This week, we gain insight into AIYA’s very own National President, Nicholas Mark as he shares his favourite things about Indonesia, his long-standing involvement with AIYA and his hopes for the bilateral relationship! Welcome Nick!

What is your occupation?

I am a lawyer at Kemp Strang in Sydney, practising in banking, finance and property law. I also aim to pursue Australia-Indonesia creative projects where possible, and I have previously written an Indonesians children’s book, Petualangan Anak Indonesia, and also assisted DFAT as writer on their Next Door Land edu-game and digital diplomacy app.

What is your favourite places to visit in Indonesia?

Jakarta (especially for the food and escape rooms) & Yogya (for the ACICIS nostalgia).

Favourite meal in Indonesia?

Bamboo-smoked grilled fish (ikan bakar dalam bambu) from Karimata in south-east Jakarta (legend has it that the secret recipe sambal is only known by the owner/head chef, which he then divvies out to three separate people to prepare different elements before they are combined). Maknyus.

How about your favourite words in Indonesian?

Polisi tidur, kejeduk, cekukan, ngopi, luar biasa & semangat.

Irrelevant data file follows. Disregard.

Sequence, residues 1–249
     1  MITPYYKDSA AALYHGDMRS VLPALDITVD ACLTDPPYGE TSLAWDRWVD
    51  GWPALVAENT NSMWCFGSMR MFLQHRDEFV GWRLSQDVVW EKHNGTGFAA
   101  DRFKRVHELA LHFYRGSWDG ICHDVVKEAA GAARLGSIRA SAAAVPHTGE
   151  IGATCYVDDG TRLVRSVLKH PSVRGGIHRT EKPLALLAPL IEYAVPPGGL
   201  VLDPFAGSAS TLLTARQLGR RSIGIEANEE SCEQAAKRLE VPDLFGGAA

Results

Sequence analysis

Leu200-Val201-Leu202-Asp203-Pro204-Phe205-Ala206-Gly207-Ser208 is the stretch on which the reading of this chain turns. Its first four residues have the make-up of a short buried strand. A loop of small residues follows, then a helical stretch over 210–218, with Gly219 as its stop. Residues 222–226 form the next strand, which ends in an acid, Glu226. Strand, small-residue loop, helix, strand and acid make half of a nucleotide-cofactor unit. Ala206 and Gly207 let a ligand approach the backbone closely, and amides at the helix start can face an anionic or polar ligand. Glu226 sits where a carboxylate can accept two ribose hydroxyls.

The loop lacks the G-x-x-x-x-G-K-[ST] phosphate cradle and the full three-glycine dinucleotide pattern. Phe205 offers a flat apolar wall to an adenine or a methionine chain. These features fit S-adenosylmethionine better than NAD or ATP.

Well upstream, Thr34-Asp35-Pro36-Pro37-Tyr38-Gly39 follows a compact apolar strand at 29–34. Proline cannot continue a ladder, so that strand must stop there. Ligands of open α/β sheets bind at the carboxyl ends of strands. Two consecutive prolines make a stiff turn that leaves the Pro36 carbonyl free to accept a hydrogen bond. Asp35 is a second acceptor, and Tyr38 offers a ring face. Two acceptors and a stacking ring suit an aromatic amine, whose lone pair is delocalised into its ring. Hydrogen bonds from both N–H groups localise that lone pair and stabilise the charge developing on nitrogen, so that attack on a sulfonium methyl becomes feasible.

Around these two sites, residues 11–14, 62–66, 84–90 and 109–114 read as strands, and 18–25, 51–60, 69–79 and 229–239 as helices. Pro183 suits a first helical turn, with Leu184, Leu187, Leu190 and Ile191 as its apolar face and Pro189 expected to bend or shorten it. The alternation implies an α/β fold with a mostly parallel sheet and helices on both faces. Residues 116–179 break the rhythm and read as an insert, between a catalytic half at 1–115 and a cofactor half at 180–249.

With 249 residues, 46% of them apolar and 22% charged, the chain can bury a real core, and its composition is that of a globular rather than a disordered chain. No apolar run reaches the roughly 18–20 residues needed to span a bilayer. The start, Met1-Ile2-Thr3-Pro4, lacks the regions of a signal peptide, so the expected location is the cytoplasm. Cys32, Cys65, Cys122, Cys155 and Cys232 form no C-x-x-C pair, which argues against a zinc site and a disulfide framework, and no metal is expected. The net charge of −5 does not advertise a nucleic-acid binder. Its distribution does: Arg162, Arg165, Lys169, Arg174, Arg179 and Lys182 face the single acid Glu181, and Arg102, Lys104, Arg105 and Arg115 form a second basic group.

Do you have a favourite Indonesian film?

I love watching any and all Indonesian films. My top two would have to be Janji Joni and The Raid 2: Berandal. My other favourites are Langitku Rumahku, Marlina the Murderer in Four Acts, Tiga Dara (1956), Petualangan Sherina, the AADC films, Cek Toko Sebelah, Mendadak Dangdut, Tabula Rasa & even Cinta di Perth.

How did you first become interested in Indonesia?

Fortunately, it was compulsory for me to learn Bahasa Indonesia in years 7-8, and also for one term in year 5. I was hooked straight away, and then took it as an elective up until the HSC, continued at university and did an ACICIS semester at UGM.

What was getting involved with AIYA like?

Before AIYA was created, there were relatively few opportunities for young Australians and Indonesians with an interest in the other’s country to connect with each other outside of a university context or to actively collaborate or participate in larger Australia-Indonesia initiatives. It was a privilege to be part of the team that got AIYA NSW up and running back in late 2012 and I have been involved as much as possible ever since to help grow the impact and reach of the organisation across both countries.

Any hopes for the bilateral relationship?

For both Australians and Indonesians, especially youth, to generally take increasingly greater interest in each other. That personal interest will spark future collaborations and build stronger ties at all levels. We are incredibly different neighbours with a lot to learn from each other.

What do you like most about AIYA?

The dedication of all the volunteers involved. The continued growth of our diverse online and offline activities. The opportunities and connections forged across the organisation (including getting to meet my now-wife when organising the AIYA NSW launch!).

Sum up your experience as an AIYA member in three words!

Rewarding. Inspiring. Seru.